6.1.1 Government and Accountability - Introduction


Welcome to the sixth topic of this module guide - Government and Accountability! The rule of law requires that all be subject to the law, even the government or executive. The executive is comprised, not just of the political executive (or government), but also includes civil servants; the government can also confer public law powers on other bodies to carry out public functions. There are three mechanisms for accountability that include legal, political and administrative methods. Scrutiny comes from parliament, the judiciary and the electorate. Parliament and its MP's have the responsibility to hold the executive to account and to determine whether they should support government policy and legislative agenda. Judicial scrutiny of the executive is a fundamental principle of the rule of law. The government and public bodies are also accountable through private law. The Electorate has a legal right to choose parliamentary representatives every five years.

At the end of this section, you will be able to identify various accountability mechanisms. This section begins by discussing the accountability of the Executive. It then proceeds to discuss pre-legislative and post-legislative scrutiny of the Executive. The section is finalised by a reform discussion and a freedom of information whereby it advances transparency and openness in public bodies and if there are abuses of power being carried out, freedom of information has the ability to reveal these problems. There is an important public interest in freedom for information, but non-disclosure may at times be in the public interests.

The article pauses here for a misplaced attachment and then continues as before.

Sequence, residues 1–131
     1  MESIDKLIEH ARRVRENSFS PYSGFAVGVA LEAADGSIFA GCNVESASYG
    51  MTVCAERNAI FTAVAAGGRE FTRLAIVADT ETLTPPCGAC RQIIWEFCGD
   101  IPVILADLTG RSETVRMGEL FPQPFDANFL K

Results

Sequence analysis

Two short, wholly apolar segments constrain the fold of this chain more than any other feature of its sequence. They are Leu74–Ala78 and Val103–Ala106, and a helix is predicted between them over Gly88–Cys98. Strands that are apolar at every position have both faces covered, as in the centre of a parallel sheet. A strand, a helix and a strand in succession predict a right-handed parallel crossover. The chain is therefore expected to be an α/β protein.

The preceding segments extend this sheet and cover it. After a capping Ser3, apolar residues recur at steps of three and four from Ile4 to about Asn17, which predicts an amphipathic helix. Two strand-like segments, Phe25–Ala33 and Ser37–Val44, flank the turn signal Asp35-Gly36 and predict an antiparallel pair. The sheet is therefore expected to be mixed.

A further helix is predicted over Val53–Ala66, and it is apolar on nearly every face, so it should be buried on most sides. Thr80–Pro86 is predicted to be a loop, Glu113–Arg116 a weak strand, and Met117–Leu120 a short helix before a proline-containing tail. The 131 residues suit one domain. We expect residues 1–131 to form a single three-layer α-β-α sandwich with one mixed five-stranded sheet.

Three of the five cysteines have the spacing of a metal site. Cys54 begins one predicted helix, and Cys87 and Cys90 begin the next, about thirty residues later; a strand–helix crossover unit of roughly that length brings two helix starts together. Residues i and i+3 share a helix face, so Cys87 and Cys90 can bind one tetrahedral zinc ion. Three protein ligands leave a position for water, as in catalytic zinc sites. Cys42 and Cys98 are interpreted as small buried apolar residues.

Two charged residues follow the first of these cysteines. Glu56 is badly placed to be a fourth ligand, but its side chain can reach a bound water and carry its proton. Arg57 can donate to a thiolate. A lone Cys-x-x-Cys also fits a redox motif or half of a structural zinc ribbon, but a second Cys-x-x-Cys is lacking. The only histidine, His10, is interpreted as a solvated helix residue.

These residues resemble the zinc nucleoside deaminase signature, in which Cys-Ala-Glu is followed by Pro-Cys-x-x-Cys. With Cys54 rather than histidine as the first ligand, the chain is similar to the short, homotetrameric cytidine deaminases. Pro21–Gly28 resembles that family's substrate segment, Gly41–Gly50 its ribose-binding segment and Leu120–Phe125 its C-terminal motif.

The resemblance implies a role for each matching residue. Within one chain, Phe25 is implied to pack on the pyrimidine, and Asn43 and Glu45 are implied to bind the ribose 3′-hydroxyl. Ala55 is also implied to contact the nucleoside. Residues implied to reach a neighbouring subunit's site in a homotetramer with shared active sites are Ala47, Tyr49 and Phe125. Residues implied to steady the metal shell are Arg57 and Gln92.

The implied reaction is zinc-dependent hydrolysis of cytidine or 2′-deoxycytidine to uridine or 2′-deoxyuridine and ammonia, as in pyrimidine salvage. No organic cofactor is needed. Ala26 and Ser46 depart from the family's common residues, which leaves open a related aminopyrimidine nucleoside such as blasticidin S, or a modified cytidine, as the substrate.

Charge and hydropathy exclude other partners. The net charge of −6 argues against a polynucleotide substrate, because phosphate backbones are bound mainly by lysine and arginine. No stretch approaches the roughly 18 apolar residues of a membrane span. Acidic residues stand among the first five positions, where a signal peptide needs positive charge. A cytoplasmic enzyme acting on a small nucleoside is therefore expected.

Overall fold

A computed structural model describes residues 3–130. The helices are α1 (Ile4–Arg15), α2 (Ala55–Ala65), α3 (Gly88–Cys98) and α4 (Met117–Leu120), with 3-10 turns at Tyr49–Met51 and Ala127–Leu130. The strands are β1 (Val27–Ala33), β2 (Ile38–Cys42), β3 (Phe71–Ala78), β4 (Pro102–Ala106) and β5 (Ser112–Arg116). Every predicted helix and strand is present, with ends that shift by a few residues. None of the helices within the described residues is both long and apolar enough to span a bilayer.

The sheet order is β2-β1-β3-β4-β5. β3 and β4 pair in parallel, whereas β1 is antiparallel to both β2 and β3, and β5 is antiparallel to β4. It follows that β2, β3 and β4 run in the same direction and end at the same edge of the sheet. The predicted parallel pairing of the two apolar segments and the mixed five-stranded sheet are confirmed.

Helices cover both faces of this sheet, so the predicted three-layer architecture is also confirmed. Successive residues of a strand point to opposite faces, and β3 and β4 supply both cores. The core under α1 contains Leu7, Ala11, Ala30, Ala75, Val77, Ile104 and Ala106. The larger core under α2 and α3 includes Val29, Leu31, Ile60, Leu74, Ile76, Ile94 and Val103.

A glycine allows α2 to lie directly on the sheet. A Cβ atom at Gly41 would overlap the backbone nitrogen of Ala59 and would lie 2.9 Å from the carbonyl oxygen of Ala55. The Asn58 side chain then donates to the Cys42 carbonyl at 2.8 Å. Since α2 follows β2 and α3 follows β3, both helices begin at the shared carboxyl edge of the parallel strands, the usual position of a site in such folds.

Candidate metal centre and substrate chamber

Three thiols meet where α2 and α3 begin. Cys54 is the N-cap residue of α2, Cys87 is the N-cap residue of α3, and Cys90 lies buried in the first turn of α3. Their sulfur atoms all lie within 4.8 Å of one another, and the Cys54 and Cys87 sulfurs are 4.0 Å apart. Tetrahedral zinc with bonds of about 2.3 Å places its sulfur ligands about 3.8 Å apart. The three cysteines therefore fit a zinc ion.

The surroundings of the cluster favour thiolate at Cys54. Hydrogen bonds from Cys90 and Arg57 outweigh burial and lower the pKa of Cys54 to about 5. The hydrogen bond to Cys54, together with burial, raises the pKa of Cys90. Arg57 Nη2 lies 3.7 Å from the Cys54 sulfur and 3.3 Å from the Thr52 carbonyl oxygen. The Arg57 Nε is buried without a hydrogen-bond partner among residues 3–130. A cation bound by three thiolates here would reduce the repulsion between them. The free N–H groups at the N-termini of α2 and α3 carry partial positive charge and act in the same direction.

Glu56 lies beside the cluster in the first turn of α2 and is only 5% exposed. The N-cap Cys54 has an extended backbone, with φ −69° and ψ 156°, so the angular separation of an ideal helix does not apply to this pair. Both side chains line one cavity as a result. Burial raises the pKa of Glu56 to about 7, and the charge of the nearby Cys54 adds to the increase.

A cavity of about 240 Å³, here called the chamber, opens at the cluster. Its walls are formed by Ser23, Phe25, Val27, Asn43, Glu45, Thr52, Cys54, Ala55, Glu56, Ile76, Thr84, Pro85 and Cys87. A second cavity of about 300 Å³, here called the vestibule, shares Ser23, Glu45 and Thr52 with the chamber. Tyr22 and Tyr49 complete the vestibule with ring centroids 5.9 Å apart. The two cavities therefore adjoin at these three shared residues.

Goals for this section:

  • To understand what is accountability of government.
  • To appreciate pre-legislative and post-legislative Scrutiny of the Executive.

Objectives for this section:

  • To be able to appreciate how government is held accountable.
  • To understand the reform’s discussion.
  • To be able to evaluate the whole area of government accountability.

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